Sleep is something most of us take for granted, yet it is as important to life and health as the air we breathe. When we don’t get enough sleep, or enough quality sleep, we suffer in a multitude of ways (1). Sleep deprivation causes cognitive issues such as memory loss, concentration, and moodiness. In children, hyperactivity is a component/ symptom.
Good sleep health is so important that several national initiatives (2) have focused on raising awareness. The initiatives sometimes encouraged people to take the first step in taking charge of their medical conditions by starting conversations with their doctors(2) if they felt their sleep was other than normal or healthy.
It also can cause a multitude of serious, chronic health problems including:
- Obesity (1)
- Heart disease,
- High Blood Pressure
It may also increase the risk of injury, such as motor vehicle crashes linked to sleepiness.
How much sleep do we need and why is it important? Most doctors would tell us that the amount of sleep one needs varies from person to person. We should feel refreshed and alert upon awakening and not need a daytime nap to get us through the day.
The circadian rhythm regulates sleep, which tends to change over the course of human lives:
- Newborns through the first year need up to 18 hours daily (2)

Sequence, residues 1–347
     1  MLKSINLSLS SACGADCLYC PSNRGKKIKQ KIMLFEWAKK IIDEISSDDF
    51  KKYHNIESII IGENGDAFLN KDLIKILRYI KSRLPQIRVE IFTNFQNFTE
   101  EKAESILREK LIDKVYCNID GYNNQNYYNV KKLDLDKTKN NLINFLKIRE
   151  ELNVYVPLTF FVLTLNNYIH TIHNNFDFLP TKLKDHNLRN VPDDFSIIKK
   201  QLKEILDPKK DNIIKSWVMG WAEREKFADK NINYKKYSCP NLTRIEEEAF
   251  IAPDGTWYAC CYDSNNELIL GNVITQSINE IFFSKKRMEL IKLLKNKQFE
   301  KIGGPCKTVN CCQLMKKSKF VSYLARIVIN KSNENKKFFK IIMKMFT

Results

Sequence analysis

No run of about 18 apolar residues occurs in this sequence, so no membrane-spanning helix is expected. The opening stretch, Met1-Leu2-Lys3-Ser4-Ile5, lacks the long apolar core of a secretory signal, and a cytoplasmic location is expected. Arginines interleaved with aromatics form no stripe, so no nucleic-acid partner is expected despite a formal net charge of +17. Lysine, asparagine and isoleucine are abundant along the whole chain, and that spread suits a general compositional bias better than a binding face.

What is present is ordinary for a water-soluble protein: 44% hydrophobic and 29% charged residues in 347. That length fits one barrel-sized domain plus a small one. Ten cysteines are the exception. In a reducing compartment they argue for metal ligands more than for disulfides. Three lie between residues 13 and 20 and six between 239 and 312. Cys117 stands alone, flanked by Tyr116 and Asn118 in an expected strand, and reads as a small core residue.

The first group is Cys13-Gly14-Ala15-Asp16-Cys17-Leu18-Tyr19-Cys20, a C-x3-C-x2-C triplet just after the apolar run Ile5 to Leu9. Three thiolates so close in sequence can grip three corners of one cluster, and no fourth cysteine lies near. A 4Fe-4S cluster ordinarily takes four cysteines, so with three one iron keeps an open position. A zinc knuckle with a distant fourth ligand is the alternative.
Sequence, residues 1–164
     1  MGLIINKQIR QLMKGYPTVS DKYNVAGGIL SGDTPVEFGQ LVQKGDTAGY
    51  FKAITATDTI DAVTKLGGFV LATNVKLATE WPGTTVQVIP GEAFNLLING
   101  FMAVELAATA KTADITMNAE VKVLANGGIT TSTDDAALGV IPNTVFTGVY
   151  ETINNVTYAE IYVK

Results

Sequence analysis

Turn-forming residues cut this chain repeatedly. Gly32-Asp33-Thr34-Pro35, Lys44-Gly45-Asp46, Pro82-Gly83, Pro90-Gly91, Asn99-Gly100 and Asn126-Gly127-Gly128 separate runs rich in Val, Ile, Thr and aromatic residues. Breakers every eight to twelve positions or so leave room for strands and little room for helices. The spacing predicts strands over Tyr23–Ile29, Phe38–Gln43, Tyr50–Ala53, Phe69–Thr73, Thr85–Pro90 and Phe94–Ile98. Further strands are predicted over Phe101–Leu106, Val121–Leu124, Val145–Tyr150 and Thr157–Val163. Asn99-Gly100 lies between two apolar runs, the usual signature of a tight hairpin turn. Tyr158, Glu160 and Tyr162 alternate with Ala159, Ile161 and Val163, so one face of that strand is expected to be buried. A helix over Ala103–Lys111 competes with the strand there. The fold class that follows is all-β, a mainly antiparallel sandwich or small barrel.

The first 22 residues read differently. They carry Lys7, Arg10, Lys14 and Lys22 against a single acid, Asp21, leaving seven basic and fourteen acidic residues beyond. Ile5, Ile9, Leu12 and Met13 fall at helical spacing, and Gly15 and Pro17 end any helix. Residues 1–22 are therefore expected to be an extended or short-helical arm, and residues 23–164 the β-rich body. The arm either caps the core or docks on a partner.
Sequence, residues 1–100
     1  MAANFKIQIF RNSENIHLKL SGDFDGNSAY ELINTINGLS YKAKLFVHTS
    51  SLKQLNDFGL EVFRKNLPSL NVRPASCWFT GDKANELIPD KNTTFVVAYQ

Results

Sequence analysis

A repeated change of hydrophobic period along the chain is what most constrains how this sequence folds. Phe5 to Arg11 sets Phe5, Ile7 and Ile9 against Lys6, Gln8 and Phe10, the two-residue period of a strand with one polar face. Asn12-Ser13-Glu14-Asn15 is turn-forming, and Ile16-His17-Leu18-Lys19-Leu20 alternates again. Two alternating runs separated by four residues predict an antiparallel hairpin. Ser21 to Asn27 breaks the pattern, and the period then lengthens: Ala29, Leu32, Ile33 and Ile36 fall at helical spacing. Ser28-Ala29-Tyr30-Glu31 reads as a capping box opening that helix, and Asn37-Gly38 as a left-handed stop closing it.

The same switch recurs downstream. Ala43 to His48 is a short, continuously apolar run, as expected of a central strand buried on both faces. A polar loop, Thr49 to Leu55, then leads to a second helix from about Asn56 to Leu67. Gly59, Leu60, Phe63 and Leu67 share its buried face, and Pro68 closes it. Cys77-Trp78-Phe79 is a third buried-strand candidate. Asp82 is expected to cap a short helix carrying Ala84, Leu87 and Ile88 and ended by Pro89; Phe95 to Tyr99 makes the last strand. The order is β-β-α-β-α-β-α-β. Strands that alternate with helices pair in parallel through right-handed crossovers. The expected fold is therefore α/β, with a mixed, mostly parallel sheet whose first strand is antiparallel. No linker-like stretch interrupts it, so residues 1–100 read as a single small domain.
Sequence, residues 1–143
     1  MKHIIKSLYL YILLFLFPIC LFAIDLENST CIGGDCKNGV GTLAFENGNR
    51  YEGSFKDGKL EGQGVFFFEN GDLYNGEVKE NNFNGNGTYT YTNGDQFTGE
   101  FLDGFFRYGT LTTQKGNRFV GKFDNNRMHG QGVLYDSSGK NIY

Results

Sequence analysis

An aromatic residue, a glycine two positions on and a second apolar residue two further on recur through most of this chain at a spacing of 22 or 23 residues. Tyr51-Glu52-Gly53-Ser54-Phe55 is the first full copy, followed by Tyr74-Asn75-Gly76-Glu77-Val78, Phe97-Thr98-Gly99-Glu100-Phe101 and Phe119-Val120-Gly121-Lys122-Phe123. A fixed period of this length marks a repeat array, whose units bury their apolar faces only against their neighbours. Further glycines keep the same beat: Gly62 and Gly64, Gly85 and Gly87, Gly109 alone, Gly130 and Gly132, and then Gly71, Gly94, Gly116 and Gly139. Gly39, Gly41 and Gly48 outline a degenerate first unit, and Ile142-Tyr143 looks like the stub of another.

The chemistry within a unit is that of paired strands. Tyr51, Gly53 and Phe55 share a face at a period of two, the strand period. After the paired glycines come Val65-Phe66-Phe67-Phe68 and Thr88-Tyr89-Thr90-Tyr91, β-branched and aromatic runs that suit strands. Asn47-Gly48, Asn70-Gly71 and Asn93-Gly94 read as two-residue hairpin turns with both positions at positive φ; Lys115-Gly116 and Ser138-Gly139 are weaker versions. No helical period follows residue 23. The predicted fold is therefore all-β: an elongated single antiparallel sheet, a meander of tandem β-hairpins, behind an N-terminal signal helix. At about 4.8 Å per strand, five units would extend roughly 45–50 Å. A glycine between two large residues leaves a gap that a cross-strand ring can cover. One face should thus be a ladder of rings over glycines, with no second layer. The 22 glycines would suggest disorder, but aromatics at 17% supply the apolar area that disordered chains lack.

- Age 1-3 need 12-15 hours
- Age 3-5 need 11-13 hours
- Age 5-12 need 9-11 hours
- Teens need 8-9 hours
- Adult (beginning around 17 years old through the elderly) need 7- 8 hours, generally
Sleep is not uniform. During sleep our body cycles through four different stages (each with specific brain activities) consisting of both Rapid Eye Movement (REM) and Non-Rapid Eye Movement (NREM) sleep. On average each cycle lasts about 90 minutes. On a normal night you may go through four to six cycles. The first cycle is usually the shortest. As the night progresses, fewer NREM stages occur, and the duration of REM sleep episodes increases (3) .
There are two main types of sleep:
- Rapid Eye Movement (REM) sleep
- Non-Rapid Eye Movement (NREM) sleep, which has three distinct stages. The higher the stage of NREM sleep, the harder it is to wake up a person from.
People normally cycle through the three stages of NREM sleep (stages N1 through N3), usually followed by a brief interval of REM sleep, every 90 to 120 minutes or several times every night. Throughout the night, people wake up briefly (called stage W) but are typically unaware of being awake.
As mentioned, the composition of each cycle — how much time is spent in each sleep stage — changes as the night goes along. Sleep cycles also vary from person to person and from night to night (4) based on a wide range of factors such as age, recent sleep patterns, physical activity, and drug or alcohol consumption. Certain medications can impact sleep composition.
NREM sleep: Sleep progresses from Stage 1 (the lightest level, when the sleeper can be awakened easily) to stage 3 (the deepest level, when greater effort is necessary for the sleeper to be awakened ). In stage 3, blood pressure is at its lowest, and heart and breathing rates are at their slowest. Sleep experts perceive Stage 3 as high-quality sleep. The older we get, however, the amount of Stage 3 decreases. A simple measuring of this is noticing how much more energy a child has as compared to an adult or senior citizen.
REM sleep: Electrical activity in the brain is unusually high, somewhat resembling that during wakefulness. The eyes move rapidly, and certain muscles are paralyzed so that voluntary movement is impossible. However, some muscles may twitch involuntarily. The rate and depth of breathing increase.
The four Stages of Sleep are: